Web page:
The Conservative Party has launched into the debate over social care funding with plans for a social insurance system costing just £8,000 per person that would cover residential care costs for life.
The ‘Home Protection Scheme’ would be voluntary, with the one-off fee paid at 65.
Shadow health secretary Andrew Lansley said: “This scheme is a genuinely huge step forward for England’s care system and will lift a major weight of worry from the shoulders of older people.”
But the plan has drawn scepticism from local government, with questions raised over whether it will lead to older people leaving their own homes unnecessarily.
The Local Government Information Unit’s Amelia Walker said: “If residential care was the only thing covered by insurance it would be a big incentive to go into a residential home.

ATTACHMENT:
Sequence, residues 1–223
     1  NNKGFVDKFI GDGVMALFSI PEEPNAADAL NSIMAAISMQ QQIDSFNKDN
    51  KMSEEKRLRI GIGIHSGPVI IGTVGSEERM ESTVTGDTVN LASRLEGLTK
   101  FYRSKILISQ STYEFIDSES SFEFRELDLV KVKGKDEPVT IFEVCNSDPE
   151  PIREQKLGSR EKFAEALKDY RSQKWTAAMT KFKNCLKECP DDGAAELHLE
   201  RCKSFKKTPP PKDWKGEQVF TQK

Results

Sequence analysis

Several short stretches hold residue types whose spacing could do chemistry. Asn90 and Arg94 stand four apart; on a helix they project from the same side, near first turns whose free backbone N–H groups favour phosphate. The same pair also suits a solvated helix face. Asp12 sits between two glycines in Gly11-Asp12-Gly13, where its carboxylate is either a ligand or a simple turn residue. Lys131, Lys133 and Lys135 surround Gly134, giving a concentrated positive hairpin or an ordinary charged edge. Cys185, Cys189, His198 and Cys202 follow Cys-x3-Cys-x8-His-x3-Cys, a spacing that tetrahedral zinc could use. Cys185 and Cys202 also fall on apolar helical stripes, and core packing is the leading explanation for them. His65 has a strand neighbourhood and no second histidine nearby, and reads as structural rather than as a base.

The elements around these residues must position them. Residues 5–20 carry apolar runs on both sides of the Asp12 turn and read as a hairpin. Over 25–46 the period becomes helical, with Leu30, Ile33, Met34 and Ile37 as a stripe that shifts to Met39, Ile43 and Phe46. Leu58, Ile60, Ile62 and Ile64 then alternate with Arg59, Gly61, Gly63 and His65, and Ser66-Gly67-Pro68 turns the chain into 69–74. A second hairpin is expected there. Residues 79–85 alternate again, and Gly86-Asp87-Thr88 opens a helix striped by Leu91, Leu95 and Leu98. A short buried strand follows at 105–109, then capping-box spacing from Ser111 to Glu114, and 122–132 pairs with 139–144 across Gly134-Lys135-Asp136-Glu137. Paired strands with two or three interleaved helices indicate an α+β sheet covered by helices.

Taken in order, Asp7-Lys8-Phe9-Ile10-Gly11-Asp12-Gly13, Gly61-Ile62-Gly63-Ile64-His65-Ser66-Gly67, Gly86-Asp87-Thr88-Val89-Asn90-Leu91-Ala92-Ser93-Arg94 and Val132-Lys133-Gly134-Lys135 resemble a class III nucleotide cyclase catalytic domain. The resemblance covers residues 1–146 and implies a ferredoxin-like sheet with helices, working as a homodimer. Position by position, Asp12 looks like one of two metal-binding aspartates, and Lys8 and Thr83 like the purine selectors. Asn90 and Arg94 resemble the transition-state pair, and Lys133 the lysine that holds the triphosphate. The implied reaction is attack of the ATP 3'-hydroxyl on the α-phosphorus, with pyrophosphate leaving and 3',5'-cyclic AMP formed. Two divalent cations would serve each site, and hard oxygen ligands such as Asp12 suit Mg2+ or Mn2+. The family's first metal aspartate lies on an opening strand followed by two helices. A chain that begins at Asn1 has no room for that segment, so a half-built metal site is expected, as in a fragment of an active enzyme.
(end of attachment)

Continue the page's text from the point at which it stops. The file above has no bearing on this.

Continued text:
“This is a retrograde step because the whole direction of travel has been to get people away from residential homes,” she added.
The incomplete nature of both proposals has led to warnings that a solution will only be found by considering social care as a complete system.
Association of Directors of Adult Social Services president Jenny Owen said: “Doing one thing at the expense of looking at the whole system isn’t the right way to do it.
“What’s helpful is to put in the public arena some very significant commitments that social care funding can’t stay as it is and needs to change.”
King’s Fund senior fellow for social care Richard Humphries said: “The proposal is very interesting and addresses part of the problem in the same way free personal care might, but it’s what it sits alongside and the overall package that determines whether it works.”